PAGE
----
Attend by West Camel

1-2Every now and then a novel comes along that is something particularly extraordinary and unusual.  Attend is one such novel.  A tapestry in novel form, West has built a story that brings together the threads of three very different lives.  Characters who have suffered, are suffering, who feel broken and cut off. Failures, unable to fit in and yet when it comes down to it, as we weave our way through the story we can see that those around them are just the same, if not worse.  Perhaps these broken souls can actually save themselves and those around them after all.

Deborah is this strange, almost ghost like figure.  She is old, very old.  A lonely, invisible soul who believes she can never die.  She also believes that people can’t see her yet Sam and Anne both stumble across her at a time when each are consumed with a sense of despair and sadness.  Sam has moved to Deptford in the hope to finding his way and to escape the cycle of self hate and one night stands with strange men.  Anne is a recovering addict, ostracised from her family, daughter and grandson.  She’s now clean but those closest to her are set in their belief that she’ll never change, that she’ll always be a disappointment.

For both Sam and Anne, their encounters with Deborah are confusing and almost unbelievable and yet somehow she begins to make them see things a little more clearly with her strange stories and adventures. She seems to lurk in the background and yet is a central character leading the story; the thread that brings them together if you like.

This is a brilliantly written and impressive debut from West.  Words at times can be crass and harsh, making me wince and at other times beautiful and lyrical, perfectly capturing all at once the heartbreak and the brutality, as well as the beauty and wonder of the lives we are visiting.  There is a magical mystery that is held beneath the streets of Deptford, in tunnels where secrets lie still within the dank darkness. Yet these secrets begin to surface as dangerous events threaten those dear to both Sam and Anne. Action must be taken and so both face their own demons head on for the sake of those they love.

This is a tale that shows us the impact our actions can have… they seep out into the world, affecting people and events far more than we realise. No matter how small we feel our lives are, they matter.  Even for Deborah, who felt invisible and forgotten for so long.

Thank you so much to Anne Cater for inviting me to be a part of this blog tour and to Orenda Books for a copy of the eBook.  Attend is a wonderful, rich atmospheric novel and I thoroughly recommend it.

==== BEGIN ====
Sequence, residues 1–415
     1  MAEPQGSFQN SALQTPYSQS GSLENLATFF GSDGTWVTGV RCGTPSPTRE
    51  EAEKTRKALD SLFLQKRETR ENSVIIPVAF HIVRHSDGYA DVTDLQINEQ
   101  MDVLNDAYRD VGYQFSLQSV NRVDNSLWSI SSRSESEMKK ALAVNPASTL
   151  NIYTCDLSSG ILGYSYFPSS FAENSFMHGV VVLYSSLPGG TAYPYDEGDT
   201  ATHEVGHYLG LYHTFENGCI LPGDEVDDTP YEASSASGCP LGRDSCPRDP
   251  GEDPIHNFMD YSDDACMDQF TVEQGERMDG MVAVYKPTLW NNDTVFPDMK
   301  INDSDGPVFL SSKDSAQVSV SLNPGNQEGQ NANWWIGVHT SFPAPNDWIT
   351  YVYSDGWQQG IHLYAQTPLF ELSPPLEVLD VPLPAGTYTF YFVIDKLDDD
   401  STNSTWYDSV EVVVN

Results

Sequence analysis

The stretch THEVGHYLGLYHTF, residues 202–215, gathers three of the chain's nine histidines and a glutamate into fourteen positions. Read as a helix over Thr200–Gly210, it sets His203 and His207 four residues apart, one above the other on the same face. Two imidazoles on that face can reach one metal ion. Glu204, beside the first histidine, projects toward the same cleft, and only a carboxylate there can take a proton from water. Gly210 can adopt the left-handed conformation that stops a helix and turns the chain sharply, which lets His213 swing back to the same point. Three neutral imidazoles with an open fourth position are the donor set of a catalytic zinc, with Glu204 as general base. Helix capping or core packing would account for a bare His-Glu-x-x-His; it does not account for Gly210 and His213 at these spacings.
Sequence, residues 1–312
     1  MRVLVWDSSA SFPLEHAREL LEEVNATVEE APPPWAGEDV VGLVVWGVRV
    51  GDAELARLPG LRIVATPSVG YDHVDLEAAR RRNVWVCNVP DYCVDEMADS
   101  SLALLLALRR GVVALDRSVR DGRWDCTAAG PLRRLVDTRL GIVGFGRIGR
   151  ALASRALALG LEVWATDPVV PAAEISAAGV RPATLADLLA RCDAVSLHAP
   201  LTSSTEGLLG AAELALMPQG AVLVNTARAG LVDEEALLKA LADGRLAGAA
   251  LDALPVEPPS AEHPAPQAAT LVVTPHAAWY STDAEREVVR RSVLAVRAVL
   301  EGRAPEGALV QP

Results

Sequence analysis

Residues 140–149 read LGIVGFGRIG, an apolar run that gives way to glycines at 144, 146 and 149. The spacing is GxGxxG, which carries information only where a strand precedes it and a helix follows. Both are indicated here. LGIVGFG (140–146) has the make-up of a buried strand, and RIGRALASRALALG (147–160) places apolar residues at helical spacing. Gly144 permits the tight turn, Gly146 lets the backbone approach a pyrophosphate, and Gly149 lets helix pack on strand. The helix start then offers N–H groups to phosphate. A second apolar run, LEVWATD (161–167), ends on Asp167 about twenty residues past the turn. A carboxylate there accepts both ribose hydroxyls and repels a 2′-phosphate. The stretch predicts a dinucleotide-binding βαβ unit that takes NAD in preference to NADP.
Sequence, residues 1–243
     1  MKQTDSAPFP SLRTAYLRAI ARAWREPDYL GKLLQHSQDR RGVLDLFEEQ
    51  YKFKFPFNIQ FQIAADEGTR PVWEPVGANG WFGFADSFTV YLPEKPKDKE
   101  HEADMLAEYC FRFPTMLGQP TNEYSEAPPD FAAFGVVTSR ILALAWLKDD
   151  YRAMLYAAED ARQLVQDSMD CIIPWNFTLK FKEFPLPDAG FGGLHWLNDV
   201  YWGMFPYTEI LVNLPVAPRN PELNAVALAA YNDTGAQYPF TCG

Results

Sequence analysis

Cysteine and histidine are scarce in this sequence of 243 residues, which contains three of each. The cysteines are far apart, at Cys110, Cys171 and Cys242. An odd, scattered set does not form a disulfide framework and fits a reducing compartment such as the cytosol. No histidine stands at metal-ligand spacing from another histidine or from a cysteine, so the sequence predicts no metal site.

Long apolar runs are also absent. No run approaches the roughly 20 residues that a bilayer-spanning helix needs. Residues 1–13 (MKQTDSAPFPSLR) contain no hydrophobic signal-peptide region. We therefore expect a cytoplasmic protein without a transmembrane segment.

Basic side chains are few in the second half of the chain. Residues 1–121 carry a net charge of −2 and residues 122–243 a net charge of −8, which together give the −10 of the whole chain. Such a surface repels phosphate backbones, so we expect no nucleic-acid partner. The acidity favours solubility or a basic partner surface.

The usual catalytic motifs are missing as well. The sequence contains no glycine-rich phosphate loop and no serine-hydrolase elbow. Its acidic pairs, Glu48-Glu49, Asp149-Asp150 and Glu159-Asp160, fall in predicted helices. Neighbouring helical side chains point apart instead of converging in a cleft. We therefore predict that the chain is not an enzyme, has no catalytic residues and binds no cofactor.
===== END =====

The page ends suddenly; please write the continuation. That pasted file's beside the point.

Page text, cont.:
Synopsis

‘A highly anticipated debut, blending the magical realism of Angela Carter and the gritty authenticity of Eastenders’

When Sam falls in love with Deptford thug Derek, and Anne’s best friend Kathleen takes her own life, they discover they are linked not just by a world of drugs and revenge; they also share the friendship of the uncanny and enigmatic Deborah. Seamstress, sailor, story-teller and self-proclaimed centenarian immortal, Deborah slowly reveals to Anne
and Sam her improbable, fantastical life, a history of hidden Deptford and ultimately the solution to their crises. With echoes of Armistead Maupin, Attend is a beautifully written, darkly funny, mesmerisingly emotive and deliciously told debut novel, rich in finely wrought characters and set against the unmistakable backdrop of Deptford and South London.

 

About the Author

1Born and bred in south London – and not the Somerset village with which he shares a name – West Camel worked as an editor in higher education and business before turning his attention to the arts and publishing. He has worked as a book and arts journalist, and was editor at Dalkey Archive Press, where he edited the Best European Fiction 2015 anthology, before moving to new press Orenda Books just after its launch. He currently combines his work as editor at Orenda Books with writing and editing a wide range of material for various arts organisations, including ghost- writing a New-Adult novel and editing The Riveter magazine for the European Literature Network. He has also written several short
scripts, which have been produced in London’s fringe theatres, and was longlisted for the Old Vic’s 12 playwrights project. Attend is his first novel.

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